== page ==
While public boat ramps and fishing accesses are still open, boaters are reminded to abide by the physical distancing protocols recommended to help stop the spread of COVID-19.
Boat ramps were crowded with the warm weather. Only one boat should use a ramp at a time to help prevent contact with other boaters.
A day on the water can be calming right now. Just be sure to follow these recommendations from the Iowa Department of Natural Resources to stay safe:
» Keep at least six feet of distance between you and other boaters and avoid popular areas where people may congregate.
» Stick with your immediate family, but keep groups to fewer than 10 people.
» Bring along hand sanitizer.
» Clean surfaces that others may have touched (e.g., boat dock handrails) with wet wipes.
With recent warm temperatures, paddlers also are ready to hit the water. Early spring paddling can provide solitude, exercise and an opportunity to see wildlife, but extra precautions are needed to stay safe.
The Iowa DNR recommends that paddlers wait for warmer weather to allow the water temperatures to rise slowly. It could be several weeks before water temperatures are ideal and safe as water and air temperatures continue to change.
“Air temperatures may feel warm in early spring, but the water is still dangerously cold and can be deadly to boaters,” said Todd Robertson, Iowa DNR river programs and water trails coordinator. “Cold water shock and hypothermia can set in quickly if you are not dressed and fall into the cold water.”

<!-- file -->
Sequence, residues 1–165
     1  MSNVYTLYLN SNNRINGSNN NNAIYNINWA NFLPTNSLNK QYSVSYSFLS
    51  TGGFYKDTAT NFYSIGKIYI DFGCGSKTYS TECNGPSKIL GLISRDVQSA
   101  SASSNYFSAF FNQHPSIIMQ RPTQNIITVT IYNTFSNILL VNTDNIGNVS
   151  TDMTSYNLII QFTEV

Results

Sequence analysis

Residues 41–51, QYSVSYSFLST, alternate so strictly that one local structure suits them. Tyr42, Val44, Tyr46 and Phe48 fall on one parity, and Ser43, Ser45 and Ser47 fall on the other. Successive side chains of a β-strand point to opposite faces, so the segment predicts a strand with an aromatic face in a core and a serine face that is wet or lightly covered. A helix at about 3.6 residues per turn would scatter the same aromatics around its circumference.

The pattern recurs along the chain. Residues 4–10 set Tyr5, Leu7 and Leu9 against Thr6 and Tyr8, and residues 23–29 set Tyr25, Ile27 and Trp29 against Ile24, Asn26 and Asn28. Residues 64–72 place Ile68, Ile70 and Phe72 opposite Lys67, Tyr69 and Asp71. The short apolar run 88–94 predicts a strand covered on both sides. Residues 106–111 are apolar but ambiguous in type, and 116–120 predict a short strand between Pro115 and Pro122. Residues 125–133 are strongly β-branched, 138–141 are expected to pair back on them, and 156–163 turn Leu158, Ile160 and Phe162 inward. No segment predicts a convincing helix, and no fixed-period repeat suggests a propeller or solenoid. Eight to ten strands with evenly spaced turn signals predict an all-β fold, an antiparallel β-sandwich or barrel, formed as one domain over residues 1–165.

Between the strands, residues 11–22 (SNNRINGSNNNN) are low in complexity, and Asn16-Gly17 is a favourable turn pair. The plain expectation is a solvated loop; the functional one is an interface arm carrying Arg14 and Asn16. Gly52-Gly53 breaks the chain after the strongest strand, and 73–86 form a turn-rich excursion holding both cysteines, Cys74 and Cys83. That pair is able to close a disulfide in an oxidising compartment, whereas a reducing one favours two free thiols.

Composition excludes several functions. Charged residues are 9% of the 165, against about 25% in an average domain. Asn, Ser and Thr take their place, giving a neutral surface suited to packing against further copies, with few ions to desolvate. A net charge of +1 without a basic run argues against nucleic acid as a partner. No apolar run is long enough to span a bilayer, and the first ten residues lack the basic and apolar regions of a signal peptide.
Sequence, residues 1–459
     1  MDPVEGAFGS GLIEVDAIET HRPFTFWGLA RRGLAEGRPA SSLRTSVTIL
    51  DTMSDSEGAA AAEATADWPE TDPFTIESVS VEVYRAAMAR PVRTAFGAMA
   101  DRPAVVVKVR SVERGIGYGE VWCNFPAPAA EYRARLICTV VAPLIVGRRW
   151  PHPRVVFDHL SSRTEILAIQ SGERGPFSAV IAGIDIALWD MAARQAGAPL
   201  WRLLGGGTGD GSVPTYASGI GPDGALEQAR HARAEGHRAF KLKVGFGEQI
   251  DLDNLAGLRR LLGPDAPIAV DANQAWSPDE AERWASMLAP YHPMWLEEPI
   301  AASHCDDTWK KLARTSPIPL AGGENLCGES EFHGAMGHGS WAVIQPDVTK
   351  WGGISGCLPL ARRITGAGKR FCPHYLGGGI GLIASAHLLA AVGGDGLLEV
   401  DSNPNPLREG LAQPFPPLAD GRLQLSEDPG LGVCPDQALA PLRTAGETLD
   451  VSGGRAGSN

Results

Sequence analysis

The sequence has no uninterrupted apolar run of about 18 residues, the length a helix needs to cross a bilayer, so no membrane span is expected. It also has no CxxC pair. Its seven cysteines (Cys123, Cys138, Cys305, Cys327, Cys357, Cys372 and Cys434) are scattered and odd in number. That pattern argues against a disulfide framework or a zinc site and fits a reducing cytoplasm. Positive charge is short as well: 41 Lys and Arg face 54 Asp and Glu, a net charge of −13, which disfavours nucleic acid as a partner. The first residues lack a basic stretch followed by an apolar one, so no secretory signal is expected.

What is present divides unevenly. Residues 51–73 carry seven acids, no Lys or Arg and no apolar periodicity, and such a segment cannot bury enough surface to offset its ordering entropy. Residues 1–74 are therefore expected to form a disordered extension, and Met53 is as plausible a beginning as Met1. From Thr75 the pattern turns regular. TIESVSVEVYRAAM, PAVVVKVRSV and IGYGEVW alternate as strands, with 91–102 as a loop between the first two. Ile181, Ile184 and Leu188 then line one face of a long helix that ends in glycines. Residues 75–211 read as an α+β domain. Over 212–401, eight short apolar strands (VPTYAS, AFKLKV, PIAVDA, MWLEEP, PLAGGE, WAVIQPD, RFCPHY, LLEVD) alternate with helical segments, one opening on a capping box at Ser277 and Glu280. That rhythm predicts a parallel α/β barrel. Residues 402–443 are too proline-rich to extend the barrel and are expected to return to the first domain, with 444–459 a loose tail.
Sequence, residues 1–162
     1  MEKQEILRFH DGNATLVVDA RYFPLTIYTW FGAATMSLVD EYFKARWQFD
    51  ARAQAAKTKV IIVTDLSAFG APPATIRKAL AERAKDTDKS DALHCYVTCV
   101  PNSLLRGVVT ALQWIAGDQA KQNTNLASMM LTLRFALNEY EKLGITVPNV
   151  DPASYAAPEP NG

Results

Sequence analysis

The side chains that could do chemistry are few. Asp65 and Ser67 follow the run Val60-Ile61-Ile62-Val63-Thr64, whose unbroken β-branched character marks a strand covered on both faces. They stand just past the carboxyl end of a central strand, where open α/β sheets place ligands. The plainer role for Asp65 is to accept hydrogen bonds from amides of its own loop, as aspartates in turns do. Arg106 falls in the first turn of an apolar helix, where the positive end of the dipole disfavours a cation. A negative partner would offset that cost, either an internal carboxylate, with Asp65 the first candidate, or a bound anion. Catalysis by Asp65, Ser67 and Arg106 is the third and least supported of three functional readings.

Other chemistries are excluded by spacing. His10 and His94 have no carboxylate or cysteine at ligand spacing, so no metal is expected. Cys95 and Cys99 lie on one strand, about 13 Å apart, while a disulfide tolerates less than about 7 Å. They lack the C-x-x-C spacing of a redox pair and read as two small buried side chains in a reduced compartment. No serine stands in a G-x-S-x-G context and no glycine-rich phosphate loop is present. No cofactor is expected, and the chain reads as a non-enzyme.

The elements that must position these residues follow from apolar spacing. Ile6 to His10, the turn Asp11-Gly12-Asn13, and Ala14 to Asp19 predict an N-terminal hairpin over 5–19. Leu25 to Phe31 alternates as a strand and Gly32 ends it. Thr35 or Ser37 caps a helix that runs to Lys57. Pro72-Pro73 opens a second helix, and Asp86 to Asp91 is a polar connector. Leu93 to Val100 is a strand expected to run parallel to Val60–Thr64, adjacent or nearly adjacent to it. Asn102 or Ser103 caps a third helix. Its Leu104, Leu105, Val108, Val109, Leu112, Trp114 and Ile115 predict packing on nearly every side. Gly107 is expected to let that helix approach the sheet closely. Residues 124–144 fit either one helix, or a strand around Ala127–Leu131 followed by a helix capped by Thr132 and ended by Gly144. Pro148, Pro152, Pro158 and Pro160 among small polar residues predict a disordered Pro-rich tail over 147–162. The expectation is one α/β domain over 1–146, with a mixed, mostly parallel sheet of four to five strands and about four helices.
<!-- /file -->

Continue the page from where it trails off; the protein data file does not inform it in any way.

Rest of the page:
Stay away from wood or branch piles — deadly hazards that can pull a paddler under or pin them underwater. These are usually found on outside river bends where currents are strongest.
Review these simple safety tips before you head out on the water.
» Check your canoe or kayak for any needed repairs or maintenance after being stored for several months. Look for holes and leaks, make sure all hatch lids fit securely and check your paddle blades for signs of cracking or splitting.
» Dust off your life jacket, make sure all buckles and zippers work properly and look for holes and tears. Replace the life jacket if it has damage that cannot be repaired. Wear a life jacket at all times while on the water, regardless of your swimming ability. Not only do they help keep your head above water, they help maintain warmth.
» Dress for the water temperature, not the air temperature. Plan as if you were to be in the water at some point because “paddlers are just in between swims.” A wet suit or dry suit is a must. Do not wear cotton clothing — it fails to insulate when wet. Opt for synthetics or wool. Dress in layers so you can peel a layer off if overheated.
» Always bring along a dry bag with a complete set of extra clothes you can change into if you get wet, a first-aid kit and a protected cellphone or weather radio. Get out of wet, cold clothing as soon as possible. Pack plenty of water to stay hydrated.
» Let a friend or loved one know where you are going and when you are expected to return. It will be easier to find you if you need help.
While waters remain open to paddlers, social distancing is still required to help slow the spread of COVID-19. Only touch your own gear and avoid sharing drinks and snacks.